Autotransfusion device and cell salvage


  • collection system used to recycle blood from a bleeding patient



  • haemothorax due to trauma — consider for any ICC insertion in trauma
  • surgery:
    — consider intraoperatively where significant blood loss (>1000 ml) is expected, where patients refuse allogeneic blood products or they are anaemic
    — primarily used for cardiac surgery, orthopedics, neurosurgery, vascular surgery and urology


  • Don’t use the blood if it is likely to be contaminated
    — e.g. penetrating chest trauma, where a stab or gunshot could injure stomach or colon and violate the diaphragm
    — contaminated surgical field (e.g. sterile solution, malignancy, infection)
  • patient refusal


Intercostal catheter system

  • Most chest drain collection systems have optional autotransfusion canisters that connect to the chest tube inline with the collection system
  • The canisters are used to collect shed blood
  • Blood filter
  • Filled canisters can then be hung like a bag of blood from the blood bank

Cell salvage intraoperatively

  • dedicated double-lumen suction device
    — one lumen suctions blood from the operative field
    — the other lumen adds a predetermined volume of heparinized saline to the salvaged blood
  • blood filter
  • reservoir
  • cell saver — separates components by centrifugation
  • saline for washing
  • waste products collection bag
  • collection bag for washed RBCs


Intercostal catheter system

  • Connect the autotransfusion cannister to the chest tube collection system before the chest tube goes in (otherwise most of the blood will be lost)
  • Use an inline leucocyte depletion filter
  • No need to anticoagulate the blood (see blood composition in ‘other information’)
  • Most systems can be used to re-infuse shed blood up to 6 hours after collection without heparin or other products
  • Follow instructions for each specific type of collection system

Cell salvage intraoperatively

  • Double lumen suction device removes blood from operative field and mixes with heparinized saline
  • The anticoagulated blood is then passed through a filter and collected in a reservoir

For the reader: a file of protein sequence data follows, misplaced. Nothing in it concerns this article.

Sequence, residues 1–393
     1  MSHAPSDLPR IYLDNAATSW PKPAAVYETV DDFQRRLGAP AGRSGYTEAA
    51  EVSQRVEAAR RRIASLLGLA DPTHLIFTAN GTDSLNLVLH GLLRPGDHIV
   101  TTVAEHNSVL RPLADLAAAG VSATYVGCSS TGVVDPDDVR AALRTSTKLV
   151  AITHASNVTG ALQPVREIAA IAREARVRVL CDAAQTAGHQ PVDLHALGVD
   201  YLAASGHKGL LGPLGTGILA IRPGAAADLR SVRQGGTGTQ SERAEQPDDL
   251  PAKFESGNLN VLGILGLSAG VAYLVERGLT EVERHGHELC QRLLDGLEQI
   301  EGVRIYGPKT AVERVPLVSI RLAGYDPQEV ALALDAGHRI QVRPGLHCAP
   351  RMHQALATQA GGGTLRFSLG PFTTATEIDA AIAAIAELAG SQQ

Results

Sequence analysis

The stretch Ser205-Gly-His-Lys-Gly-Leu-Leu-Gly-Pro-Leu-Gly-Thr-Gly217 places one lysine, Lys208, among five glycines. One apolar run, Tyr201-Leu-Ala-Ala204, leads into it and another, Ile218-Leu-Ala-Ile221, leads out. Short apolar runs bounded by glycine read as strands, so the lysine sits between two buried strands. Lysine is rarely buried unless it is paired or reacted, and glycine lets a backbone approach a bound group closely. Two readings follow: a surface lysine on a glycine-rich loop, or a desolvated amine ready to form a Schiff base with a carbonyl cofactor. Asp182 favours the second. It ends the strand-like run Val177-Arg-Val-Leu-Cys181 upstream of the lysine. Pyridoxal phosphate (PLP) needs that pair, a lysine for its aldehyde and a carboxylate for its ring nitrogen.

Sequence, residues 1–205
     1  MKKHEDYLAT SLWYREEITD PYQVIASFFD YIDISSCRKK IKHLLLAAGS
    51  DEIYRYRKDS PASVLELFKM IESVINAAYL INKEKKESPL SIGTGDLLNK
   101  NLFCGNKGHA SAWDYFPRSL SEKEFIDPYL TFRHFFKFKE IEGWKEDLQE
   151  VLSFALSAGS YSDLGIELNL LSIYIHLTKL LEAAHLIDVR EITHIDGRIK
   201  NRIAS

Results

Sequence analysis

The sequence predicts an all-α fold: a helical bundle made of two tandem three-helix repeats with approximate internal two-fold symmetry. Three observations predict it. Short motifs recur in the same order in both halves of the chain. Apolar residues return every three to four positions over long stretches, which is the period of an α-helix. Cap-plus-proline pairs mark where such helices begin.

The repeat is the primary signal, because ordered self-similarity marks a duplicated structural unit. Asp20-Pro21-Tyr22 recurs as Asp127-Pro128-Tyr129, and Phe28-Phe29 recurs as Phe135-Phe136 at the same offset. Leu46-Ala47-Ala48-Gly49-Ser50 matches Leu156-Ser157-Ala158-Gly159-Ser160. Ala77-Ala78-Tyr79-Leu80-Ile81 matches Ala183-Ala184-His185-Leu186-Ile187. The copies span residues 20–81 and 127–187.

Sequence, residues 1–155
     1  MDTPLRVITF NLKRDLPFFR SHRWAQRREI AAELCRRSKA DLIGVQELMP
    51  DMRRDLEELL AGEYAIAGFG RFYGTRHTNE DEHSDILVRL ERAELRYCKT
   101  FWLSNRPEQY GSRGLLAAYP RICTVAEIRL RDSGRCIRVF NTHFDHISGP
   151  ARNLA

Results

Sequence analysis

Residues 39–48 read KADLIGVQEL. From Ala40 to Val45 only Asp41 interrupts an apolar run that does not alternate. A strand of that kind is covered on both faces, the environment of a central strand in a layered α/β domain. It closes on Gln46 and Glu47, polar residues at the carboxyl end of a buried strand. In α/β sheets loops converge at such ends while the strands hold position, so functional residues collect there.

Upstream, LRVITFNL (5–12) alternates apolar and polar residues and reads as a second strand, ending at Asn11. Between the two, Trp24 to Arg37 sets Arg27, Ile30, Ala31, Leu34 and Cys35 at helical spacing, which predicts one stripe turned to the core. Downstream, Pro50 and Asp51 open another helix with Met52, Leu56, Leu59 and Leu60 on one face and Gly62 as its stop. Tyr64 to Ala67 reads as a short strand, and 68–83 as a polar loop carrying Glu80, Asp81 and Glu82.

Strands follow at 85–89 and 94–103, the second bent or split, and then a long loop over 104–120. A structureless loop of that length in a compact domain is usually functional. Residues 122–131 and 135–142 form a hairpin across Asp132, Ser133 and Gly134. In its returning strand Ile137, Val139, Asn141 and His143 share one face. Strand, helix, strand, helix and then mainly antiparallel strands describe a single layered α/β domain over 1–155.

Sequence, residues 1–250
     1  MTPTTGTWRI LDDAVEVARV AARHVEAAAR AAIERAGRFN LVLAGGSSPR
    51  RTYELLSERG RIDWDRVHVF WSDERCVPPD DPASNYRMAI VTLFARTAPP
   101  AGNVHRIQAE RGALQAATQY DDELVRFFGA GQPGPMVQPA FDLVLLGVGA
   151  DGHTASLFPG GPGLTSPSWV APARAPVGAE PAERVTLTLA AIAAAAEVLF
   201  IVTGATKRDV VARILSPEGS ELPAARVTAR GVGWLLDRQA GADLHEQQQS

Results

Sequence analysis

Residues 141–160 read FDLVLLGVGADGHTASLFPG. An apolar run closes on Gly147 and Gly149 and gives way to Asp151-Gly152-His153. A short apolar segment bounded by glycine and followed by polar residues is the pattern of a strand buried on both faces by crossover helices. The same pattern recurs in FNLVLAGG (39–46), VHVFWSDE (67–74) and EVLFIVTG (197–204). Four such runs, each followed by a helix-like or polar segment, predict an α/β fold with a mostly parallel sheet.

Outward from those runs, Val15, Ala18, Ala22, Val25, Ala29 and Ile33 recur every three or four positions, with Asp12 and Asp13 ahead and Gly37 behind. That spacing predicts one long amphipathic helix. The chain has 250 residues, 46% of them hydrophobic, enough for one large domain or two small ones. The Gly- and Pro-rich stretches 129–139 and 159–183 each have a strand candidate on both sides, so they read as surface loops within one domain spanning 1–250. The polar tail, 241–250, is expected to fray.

• Separation of the components is achieved by centrifugation
  • The RBCs are then washed and filtered across a semi-permeable membrane, which removes free haemoglobin, plasma, platelets, white blood cells, and heparin
  • The salvaged RBCs are then re-suspended in normal saline with a resultant haematocrit of 50–80%
  • The salvaged RBCs may be transfused immediately or within 6 h


  • blood loss if not connected properly
  • haemodilution (do not expect significant rise in Hb)
  • thrombocytopenia and coagulopathy (only if large volumes)
  • blood contamination and infection
  • contamination with drugs and cleansing solutions
  • incomplete washing/ inadequate filtration leading to contamination with activated leucocytes, cytokines, and other microaggregates
  • non-immune haemolysis (e.g. degradation over time, due to suction)
  • air embolus


Composition of blood from intercostal catheter

  • The hemoglobin and haematocrit from the chest tube were lower than venous blood (Hgb by about 2 grams, Hct by 7.5%)
  • Platelet count was very low in chest tube blood
  • Potassium was higher (4.9 mmol/L), but not dangerously so
  • INR, PTT, TT, Factor V and fibrinogen were unmeasurable
    –> need to adhere to hemostatic resuscitation principles and administer FFP and platelets appropriately

Cardiac surgery

  • for cardiac surgery blood should be washed prior to re-infusion
  • re-infusion of unwashed blood after cardiac surgery produces only a marginal benefit and can cause significant adverse effects

References and Links

Journal articles

  • Salhanick M, Corneille M, Higgins R, Olson J, Michalek J, Harrison C, Stewart R, Dent D. Autotransfusion of hemothorax blood in trauma patients: is it the same as fresh whole blood? Am J Surg 202(6):817-822, 2011 PMID: 22137140
  • Ashworth A, Klein AA. Cell salvage as part of a blood conservation strategy in anaesthesia. Br J Anaesth. 2010 Oct;105(4):401-16. PMID: 20802228.

FOAM and web resources

CCC 700 6

Critical Care


Chris is an Intensivist and ECMO specialist at the Alfred ICU in Melbourne. He is also a Clinical Adjunct Associate Professor at Monash University. He is a co-founder of the Australia and New Zealand Clinician Educator Network (ANZCEN) and is the Lead for the ANZCEN Clinician Educator Incubator programme. He is on the Board of Directors for the Intensive Care Foundation and is a First Part Examiner for the College of Intensive Care Medicine. He is an internationally recognised Clinician Educator with a passion for helping clinicians learn and for improving the clinical performance of individuals and collectives.

After finishing his medical degree at the University of Auckland, he continued post-graduate training in New Zealand as well as Australia’s Northern Territory, Perth and Melbourne. He has completed fellowship training in both intensive care medicine and emergency medicine, as well as post-graduate training in biochemistry, clinical toxicology, clinical epidemiology, and health professional education.

He is actively involved in in using translational simulation to improve patient care and the design of processes and systems at Alfred Health. He coordinates the Alfred ICU’s education and simulation programmes and runs the unit’s education website, INTENSIVE.  He created the ‘Critically Ill Airway’ course and teaches on numerous courses around the world. He is one of the founders of the FOAM movement (Free Open-Access Medical education) and is co-creator of litfl.com, the RAGE podcast, the Resuscitology course, and the SMACC conference.

His one great achievement is being the father of three amazing children.

On Twitter, he is @precordialthump.

| INTENSIVE | RAGE | Resuscitology | SMACC

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